Happy Women's Day.
At work, we had cake, got roses and asked people to give us motivational speeches. Men weren't allowed at the session. I kind of feel bad for them. They would have liked the cake.
Happy Women's Day. What we had asked for is to do something meaningful. Collect money and pledge it to the education of girl children. Oh well, at least the speeches and cake were great.
Meanwhile, I've been trawling social media this year to find the most abhorrent things people do on Women's Day. Every year, it becomes about roses, discounts at spas, offers on oil and atta, and huge sales at clothes shops. Every year it becomes the exact thing it ran from--greedy capitalism co-opting a fiercely anti-establishment movement. So much so that almost everyone's forgotten why we are celebrating it. The first time I was appalled at what it had become was in '99-2000 when I was in college and people handed out little bottles of nail polish and roses. I refused to ever participate or observe the event.
Luckily, we don't have that anymore. Now we have the internet rife with stupidity. This year's top three winners of Women's Day Stupidity, in no particular order.
Air India decided to celebrate International Women's Day by getting an all-woman crew to operate the longest-haul flight. What better way to celebrate women than to make them work on the longest bloody flight they've ever taken? If you actually wanted to mark this day, look the ICICI way: they announced a one-year work-from-home policy for women.
What better way to celebrate women than to make them work on the longest bloody flight they've ever taken?
If you want to observe this day, and not just claim bragging rights (which is essentially what this piece of tokenism is) then bring salaries on par with men, do away with discrimination on looks (I've never heard of instances where an Air India pilot was asked to lose his paunch), increase paid maternity leave. So many battles to be fought and all Air India could come with was something that would give them place in a general knowledge quiz somewhere.
The new Titan Raga ad
Titan, please find a new agency or a new designer for your Raga watches. You haven't made a single advert that isn't either sexist or ageist. If you have, it was vapid and I don't remember it. I haven't gotten over the colossal stupidity of this advert enough to be able to express my utter and complete bewilderment over how badly a brand has screwed up by trying to be all "diversity-social message-feminism".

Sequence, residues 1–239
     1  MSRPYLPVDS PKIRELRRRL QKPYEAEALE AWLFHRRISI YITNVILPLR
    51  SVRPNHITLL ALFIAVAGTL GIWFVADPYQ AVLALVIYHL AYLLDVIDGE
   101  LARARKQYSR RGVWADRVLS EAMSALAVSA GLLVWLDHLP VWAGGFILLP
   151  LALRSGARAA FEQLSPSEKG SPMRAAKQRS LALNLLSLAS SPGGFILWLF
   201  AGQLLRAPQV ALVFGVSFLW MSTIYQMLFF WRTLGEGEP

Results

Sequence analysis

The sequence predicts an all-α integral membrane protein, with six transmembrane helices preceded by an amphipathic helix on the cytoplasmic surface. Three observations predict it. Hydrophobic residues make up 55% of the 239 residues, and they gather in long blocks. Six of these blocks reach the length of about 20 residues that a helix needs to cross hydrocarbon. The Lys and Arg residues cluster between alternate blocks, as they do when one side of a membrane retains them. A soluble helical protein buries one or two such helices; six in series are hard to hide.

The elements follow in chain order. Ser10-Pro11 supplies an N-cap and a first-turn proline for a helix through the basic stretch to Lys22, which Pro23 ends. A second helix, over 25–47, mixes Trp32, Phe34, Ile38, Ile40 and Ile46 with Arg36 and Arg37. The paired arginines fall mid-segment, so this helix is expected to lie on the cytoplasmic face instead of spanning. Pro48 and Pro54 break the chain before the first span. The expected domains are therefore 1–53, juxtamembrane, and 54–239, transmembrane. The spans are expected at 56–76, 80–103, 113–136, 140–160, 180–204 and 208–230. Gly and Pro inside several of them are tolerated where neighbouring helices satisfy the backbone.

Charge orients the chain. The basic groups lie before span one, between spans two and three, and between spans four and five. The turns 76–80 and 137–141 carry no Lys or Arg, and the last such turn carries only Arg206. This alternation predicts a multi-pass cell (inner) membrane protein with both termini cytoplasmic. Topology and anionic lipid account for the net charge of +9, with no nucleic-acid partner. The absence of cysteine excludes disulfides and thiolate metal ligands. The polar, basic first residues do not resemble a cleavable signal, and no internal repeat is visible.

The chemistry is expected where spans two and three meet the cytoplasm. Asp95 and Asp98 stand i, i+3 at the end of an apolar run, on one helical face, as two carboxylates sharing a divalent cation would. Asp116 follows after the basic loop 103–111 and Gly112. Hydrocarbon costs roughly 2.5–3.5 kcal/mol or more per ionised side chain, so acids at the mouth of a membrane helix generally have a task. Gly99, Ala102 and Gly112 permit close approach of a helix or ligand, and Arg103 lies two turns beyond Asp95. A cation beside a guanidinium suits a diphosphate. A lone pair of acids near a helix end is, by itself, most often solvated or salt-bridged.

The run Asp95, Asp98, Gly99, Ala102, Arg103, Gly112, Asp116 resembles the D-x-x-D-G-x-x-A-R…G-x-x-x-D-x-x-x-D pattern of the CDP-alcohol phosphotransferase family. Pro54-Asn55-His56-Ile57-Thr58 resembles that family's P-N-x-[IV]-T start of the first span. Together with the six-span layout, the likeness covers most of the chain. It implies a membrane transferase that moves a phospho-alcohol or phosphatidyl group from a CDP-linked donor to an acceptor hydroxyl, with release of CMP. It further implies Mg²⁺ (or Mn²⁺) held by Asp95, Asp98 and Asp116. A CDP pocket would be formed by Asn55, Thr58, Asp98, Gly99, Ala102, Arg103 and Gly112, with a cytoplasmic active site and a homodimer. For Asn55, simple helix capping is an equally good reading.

First off, I can bet there was no woman on the team that came up with this. And if there was, she was asked to "don't be such a feminist yaar. Don't take everything so seriously."
Second, putting a man in the centre of "change the way you look at a woman's success" is plain ridiculous. It's like giving the cheetah credit for the gazelle running so quick. Till they put it in my head through the collective imagination of the room that Kiran of the perfect-end-of-day hair and champagne-sipping sophistication, I didn't even think Kiran was a woman. To deliberately mislead and then come back to where the viewer was in the first place is a terribly annoying device, and needless to say ineffective. What are the things that this tells me:
[P]utting a man in the centre of "change the way you look at a woman's success" is plain ridiculous. It's like giving the cheetah credit for the gazelle running so quick.
- That Rajat, the one who appraises Kiran, cannot be asked to sit in on the appraisal.
- That Kiran is not a woman but is, in fact, a man, who sleeps her way to the top so he must be promoted.
- That token woman with the short hair at the table has nothing to say but nod in amusement and approval.
- That there are people who don't know Kiran is a unisex name.
And finally, my favourite, this:
#VandiYNot. I just absolutely love the YNot. A two-way conversation happening within a hashtag, what's not to love, tell me. This is by an Italian innerwear brand that urges men to go bold. Whatever that means. I shudder to see what bold inner wear for men looks like.
You know what I would like this Women's Day? Safer spaces, pay parity, more sportswomen, no foeticide and longer maternity leave, among others things. A man in a bindi (YNot)? No, thanks.
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